Australian Economy

US president Joe Biden hits back at Elon Musk for saying he has a ‘super bad feeling’ about the economy

Tesla chief executive Elon Musk has said the electric carmaker must cut staff by around 10 per cent because he had a “super bad feeling” about the economy.

The comments were made in an internal email sent to Tesla executives on Thursday, and titled “pause all hiring worldwide”.

Tesla was not immediately available for comment.

Mr Musk earlier this week asked Tesla employees to return to the office or leave the company.

“Everyone at Tesla is required to spend a minimum of 40 hours in the office per week,” Mr Musk wrote in another email sent to employees on Tuesday night.

“If you don’t show up, we will assume you have resigned.”

Atlassian co-founder opens door to Tesla staff

On Friday those comments drew criticism from worker advocates, including Australia’s third-richest man, Atlassian co-founder Scott Farquhar, who ridiculed Mr Musk’s directive in a series of tweets as being “like something out of the 1950s”.


Atlassian’s “work from anywhere” policy was “key for our continued growth”, Mr Farquhar said.

“We’re setting our sights on growing Atlassian to 25K employees by FY26,” Mr Farquhar concluded.

“Any Tesla employees interested?”

Mr Musk shot back: “The above set of tweets illustrate why recessions serve a vital economic cleansing function”.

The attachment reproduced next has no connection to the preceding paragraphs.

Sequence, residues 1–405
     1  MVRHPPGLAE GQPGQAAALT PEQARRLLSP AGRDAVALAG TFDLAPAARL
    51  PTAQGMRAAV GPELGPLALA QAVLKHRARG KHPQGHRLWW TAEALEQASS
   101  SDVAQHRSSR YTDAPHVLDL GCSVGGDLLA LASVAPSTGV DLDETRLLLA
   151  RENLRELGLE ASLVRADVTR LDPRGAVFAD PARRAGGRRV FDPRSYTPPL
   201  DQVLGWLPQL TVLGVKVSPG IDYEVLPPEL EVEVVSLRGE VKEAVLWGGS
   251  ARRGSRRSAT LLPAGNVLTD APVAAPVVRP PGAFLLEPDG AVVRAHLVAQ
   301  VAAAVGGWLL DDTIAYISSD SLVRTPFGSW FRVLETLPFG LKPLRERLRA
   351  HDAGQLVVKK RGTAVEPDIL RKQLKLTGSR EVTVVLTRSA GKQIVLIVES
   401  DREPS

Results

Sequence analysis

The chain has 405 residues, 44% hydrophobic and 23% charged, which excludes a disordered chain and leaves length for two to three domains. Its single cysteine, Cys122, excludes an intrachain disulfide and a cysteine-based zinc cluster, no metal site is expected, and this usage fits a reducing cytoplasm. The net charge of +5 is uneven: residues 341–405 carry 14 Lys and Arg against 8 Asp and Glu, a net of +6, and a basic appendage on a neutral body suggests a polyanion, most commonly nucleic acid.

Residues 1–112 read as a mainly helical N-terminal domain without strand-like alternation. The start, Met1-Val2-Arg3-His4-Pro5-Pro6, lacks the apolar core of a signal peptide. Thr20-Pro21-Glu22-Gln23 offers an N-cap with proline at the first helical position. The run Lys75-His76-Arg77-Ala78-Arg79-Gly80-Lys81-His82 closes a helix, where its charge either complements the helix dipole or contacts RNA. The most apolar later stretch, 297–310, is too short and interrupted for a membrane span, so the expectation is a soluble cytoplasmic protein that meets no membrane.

In Silicon Valley, many tech firms moved to mixed home and office working during the pandemic, while others have set dates for returning to the office only to push them back as new outbreaks have occurred.

President shoots down Musk

US President Joe Biden shot back Friday at Mr Musk’s comments about the US economy, rattling off a number of American companies who are growing.

“While Elon Musk is talking about that, Ford is increasing their investment overwhelmingly and I think Ford is increasing the investment in building new electric vehicles, 6,000 new employees — union employees I might add — in the Midwest,” Mr Biden responded.

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‘Lots of luck on his trip to the moon’: Biden dismisses Elon Musk’s criticism on the economy

“The former Chrysler Corporation, Stellantis, they’re also making similar investments in electric vehicles. Intel’s adding 20,000 new jobs making computer chips,” he added.

“So, you know, lots of luck on his trip to the moon,” Mr Biden said.

Mr Musk, the world’s wealthiest man and also chief executive of SpaceX, also has a record of taking on other billionaires.


In 2021, Mr Musk posted an image of a second-place medal in response to a tweet by Jeff Bezos celebrating the success of

In 2017, Mr Farquhar’s Atlassian co-founder, Mike Cannon-Brookes, cooperated with Mr Musk, publicly taking up and facilitating his offer to supply a powerful Tesla battery installation for the state of South Australia after it suffered a blackout in 2017.

Mr Cannon-Brookes, who has since led a campaign to buy Australian energy company AGL Energy Ltd and speed up its transition to renewable power, reposted Mr Farquhar’s remarks criticising Mr Musk’s return-to-office order.


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